An absorbing history, sweeping in scope, thrilling in incident, uncommonly well written and superbly read. One of the best audiobooks I have encountered.
I knew almost nothing about Jackson when I started this book except that he had been President and had something to do with New Orleans and Florida. Now I can almost picture him, calling for duels at the drop of a hat, training his horses, playing with his adopted son (and a baby lamb), urging on his troops, who returned his pride in them with fierce loyalty, sticking to his principles at the repeated risk of his career, and having arguably as much effect on the course of America's history as any of the Founders did. In telling Jackson's story, H.W. Brands also tells the story of his era, which was as noble, bellicose and preoccupied with principle as he was: shaped by war with Spain, Britain and American Indians, political friction between Federalists and Republicans, and the remorseless westward push that eventually stretched America from sea to shining sea. John H Mayer's narration is a treat, and does full justice to Brands' artfully structured yet utterly natural-sounding prose.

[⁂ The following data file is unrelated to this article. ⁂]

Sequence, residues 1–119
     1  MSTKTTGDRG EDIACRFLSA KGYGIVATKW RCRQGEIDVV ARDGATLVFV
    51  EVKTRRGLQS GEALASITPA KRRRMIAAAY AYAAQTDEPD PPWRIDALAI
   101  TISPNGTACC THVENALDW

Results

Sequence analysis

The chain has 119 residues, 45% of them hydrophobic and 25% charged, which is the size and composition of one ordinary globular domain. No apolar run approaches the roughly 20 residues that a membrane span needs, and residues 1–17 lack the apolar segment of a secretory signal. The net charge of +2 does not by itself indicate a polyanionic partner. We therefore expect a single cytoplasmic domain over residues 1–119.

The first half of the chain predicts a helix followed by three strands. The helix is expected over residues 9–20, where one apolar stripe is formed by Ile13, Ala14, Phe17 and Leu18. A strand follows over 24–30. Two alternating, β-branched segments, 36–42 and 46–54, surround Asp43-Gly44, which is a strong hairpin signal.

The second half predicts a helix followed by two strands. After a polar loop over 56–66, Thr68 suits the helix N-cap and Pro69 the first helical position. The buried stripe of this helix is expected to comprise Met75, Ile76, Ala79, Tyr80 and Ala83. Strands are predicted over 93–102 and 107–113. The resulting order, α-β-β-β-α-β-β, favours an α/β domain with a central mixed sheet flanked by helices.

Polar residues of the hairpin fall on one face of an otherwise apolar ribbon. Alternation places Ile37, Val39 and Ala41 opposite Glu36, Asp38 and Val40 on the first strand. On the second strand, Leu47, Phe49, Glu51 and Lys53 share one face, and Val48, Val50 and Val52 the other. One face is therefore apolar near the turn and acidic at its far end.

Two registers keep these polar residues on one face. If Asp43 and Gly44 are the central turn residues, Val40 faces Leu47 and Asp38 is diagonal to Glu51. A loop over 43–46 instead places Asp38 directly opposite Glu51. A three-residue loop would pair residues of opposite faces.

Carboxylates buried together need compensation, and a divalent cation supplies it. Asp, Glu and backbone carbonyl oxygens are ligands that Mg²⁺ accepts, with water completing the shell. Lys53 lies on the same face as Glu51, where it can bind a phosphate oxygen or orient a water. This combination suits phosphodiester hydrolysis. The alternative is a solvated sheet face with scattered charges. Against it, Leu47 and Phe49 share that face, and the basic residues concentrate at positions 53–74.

Jacobi reads beautifully (he played Claudius, one of the Caesars in question), but Naxos, the publisher, seems strangely coy about the translator--not even in its catalog does it reveal whose English version Jacobi is reading. It's certainly not the celebrated Robert Graves translation (for that go to the Audio Connoisseurs edition) but a far looser one, and, of course, heavily abridged. Information about the translator would seem a basic courtesy to the buyer. This buyer, at least, is disappointed by the lack of it.
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